Two time NFL Most Valuable Player, Super Bowl Champion, Super Bowl MVP, Three time ESPY Best NFL Player, Male Athlete of the Year, NFL Play of the Year Award, and so much more.

 

Those are just some of the accolades that have been awarded to the future Hall of Fame Quarterback Aaron Rodgers. He has been at the top of the league in quarterback play for almost his entire career and he continues to impress– but to what extent?


 

Last night against the Seattle Seahawks, Rodgers final stat line was 21/30, 332 yards, and 2 TD’s. Not a bad day in the office, right? Wrong. Just when the Packers needed Rodgers most he failed. Not only did he not convert many crucial third down plays, he missed easy checkdown plays to RB Aaron Jones, and several passes to his wide receiving core. Sure, Rodgers had plenty of time to throw the ball, but he should be doing what he has always done best– throw the ball outside of the pocket.

 

It seemed painful and impossible for the Packers to be consistent and smooth on offense, something we have seen in recent years. This year just feels different.


 

The play calling is vanilla, and when players are open it seems as if Rodgers won’t pull the trigger and if he does, misses by several yards. For those who have watched closely, Rodgers hasn’t been particularly accurate this season either. He under throws the ball at least two or three times a game and when he does lead a receiver it is too far ahead.

 

So are the offensive struggles completely Aaron Rodgers’ fault? Of course not. Rodgers has played well at times, and struggled at others. The weight of this is how the key position players are used.

 

In the Packers’ first offensive drive of the game, the Packers threw the ball to Jimmy Graham for 11 yards, then tossed the ball to Aaron Jones for 8 for the games first points. It seemed like it was extremely easy for the Packers and looked as if this game was going to go much in their favor.

 

It is so upsetting that this offense is so dysfunctional when they have playmakers all over the field. Davante Adams, a sure top 10 wide receiver in the NFL, is capable of making plays that would impress any quarterback. Aaron Jones is a promising young running back that is the spark plug of this offense, once he gets rolling the Packers move down the field with ease.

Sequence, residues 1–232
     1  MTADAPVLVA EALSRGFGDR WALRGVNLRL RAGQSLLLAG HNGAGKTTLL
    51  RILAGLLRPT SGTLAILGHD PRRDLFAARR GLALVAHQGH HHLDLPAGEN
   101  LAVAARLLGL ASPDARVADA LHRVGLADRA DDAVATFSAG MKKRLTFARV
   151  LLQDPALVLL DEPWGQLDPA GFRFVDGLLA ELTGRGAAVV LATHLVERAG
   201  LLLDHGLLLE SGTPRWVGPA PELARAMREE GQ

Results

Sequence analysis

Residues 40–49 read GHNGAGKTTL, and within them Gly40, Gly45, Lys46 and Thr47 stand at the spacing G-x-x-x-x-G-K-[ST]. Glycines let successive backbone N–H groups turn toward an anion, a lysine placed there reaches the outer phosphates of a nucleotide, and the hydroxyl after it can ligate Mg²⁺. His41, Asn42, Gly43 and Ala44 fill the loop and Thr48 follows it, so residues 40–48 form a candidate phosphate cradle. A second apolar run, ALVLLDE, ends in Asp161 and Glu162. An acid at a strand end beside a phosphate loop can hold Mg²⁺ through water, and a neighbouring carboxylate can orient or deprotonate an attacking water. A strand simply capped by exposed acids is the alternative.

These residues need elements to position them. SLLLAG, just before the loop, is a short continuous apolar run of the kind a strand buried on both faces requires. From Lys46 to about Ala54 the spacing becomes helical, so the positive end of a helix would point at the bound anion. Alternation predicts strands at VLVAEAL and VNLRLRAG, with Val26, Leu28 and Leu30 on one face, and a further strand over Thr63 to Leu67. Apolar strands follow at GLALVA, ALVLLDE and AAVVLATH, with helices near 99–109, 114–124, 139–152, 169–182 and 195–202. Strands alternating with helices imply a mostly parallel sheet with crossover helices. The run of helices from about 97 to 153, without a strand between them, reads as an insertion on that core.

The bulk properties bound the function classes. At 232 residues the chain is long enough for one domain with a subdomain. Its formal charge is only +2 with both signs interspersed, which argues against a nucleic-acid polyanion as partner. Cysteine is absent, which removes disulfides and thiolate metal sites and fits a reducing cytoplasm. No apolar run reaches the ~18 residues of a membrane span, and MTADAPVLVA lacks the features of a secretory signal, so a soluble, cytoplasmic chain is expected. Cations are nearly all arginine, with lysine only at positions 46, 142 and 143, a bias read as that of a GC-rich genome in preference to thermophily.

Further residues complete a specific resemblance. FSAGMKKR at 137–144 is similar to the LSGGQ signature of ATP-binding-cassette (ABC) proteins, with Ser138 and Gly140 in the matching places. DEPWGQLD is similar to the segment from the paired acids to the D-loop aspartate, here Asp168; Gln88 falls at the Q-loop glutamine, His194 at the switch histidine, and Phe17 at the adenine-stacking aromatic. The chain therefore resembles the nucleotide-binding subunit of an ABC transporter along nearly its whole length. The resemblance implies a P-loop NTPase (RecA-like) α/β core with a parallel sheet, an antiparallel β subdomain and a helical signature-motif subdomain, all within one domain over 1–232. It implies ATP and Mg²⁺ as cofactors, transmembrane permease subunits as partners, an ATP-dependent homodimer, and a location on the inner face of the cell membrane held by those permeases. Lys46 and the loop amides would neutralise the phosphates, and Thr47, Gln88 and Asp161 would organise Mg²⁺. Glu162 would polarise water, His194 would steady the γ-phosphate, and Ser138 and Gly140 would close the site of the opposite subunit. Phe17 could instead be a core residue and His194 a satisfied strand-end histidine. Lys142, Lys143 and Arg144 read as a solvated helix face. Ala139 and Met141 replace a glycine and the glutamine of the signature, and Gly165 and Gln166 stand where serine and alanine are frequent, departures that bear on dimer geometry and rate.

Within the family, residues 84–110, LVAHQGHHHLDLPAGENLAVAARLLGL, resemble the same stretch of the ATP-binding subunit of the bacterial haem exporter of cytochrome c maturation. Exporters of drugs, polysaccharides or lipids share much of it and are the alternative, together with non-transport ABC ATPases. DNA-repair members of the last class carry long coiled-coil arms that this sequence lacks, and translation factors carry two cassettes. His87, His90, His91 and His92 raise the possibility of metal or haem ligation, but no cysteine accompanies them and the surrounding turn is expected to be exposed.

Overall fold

Aaron Rodgers, Davante Adams, Jimmy Graham, and Aaron Jones are all players that are capable of making this offense explosive and the fault for their underperformance is on Mike McCarthy.

 

McCarthy has shown that his own idea of the West Coast offense is this, a solid run game then move the sticks with a series of short and secure passes.

 

The missing logic here is that based on McCarthy’s idea of the West Coast offense, he hasn’t stuck with a solid running game. Sure, Aaron Jones had 15 total carries against the Miami Dolphins last Sunday but he only had 11 against the Seahawks. What would be ideal is for Jones to have anywhere between 15 and 20 carries. This would allow the play action game to open up and for Aaron Rodgers to make clean and accurate throws.

 

Aaron Jones in the first half showed explosiveness, and the ability to help in the passing game. He could have done the same thing in the second but Mike McCarthy didn’t give him the opportunity to do so. It is almost as if McCarthy sees the production that Jones is having and assumes the Seahawks are expecting the Packers to run the ball in the second half.

 

The Packers must run the ball more with Aaron Jones if they want to succeed. The thing is, the Packers did not have a single excuse not to in this game. The Seahawks did not have a great run defense, and the Packers were not playing from behind most of the game. This was a game where the Packers needed to stick their foot on the throat of the Seahawk defense and not take it off. Since they did not do that, they felt a familiar feeling with a loss on the road.

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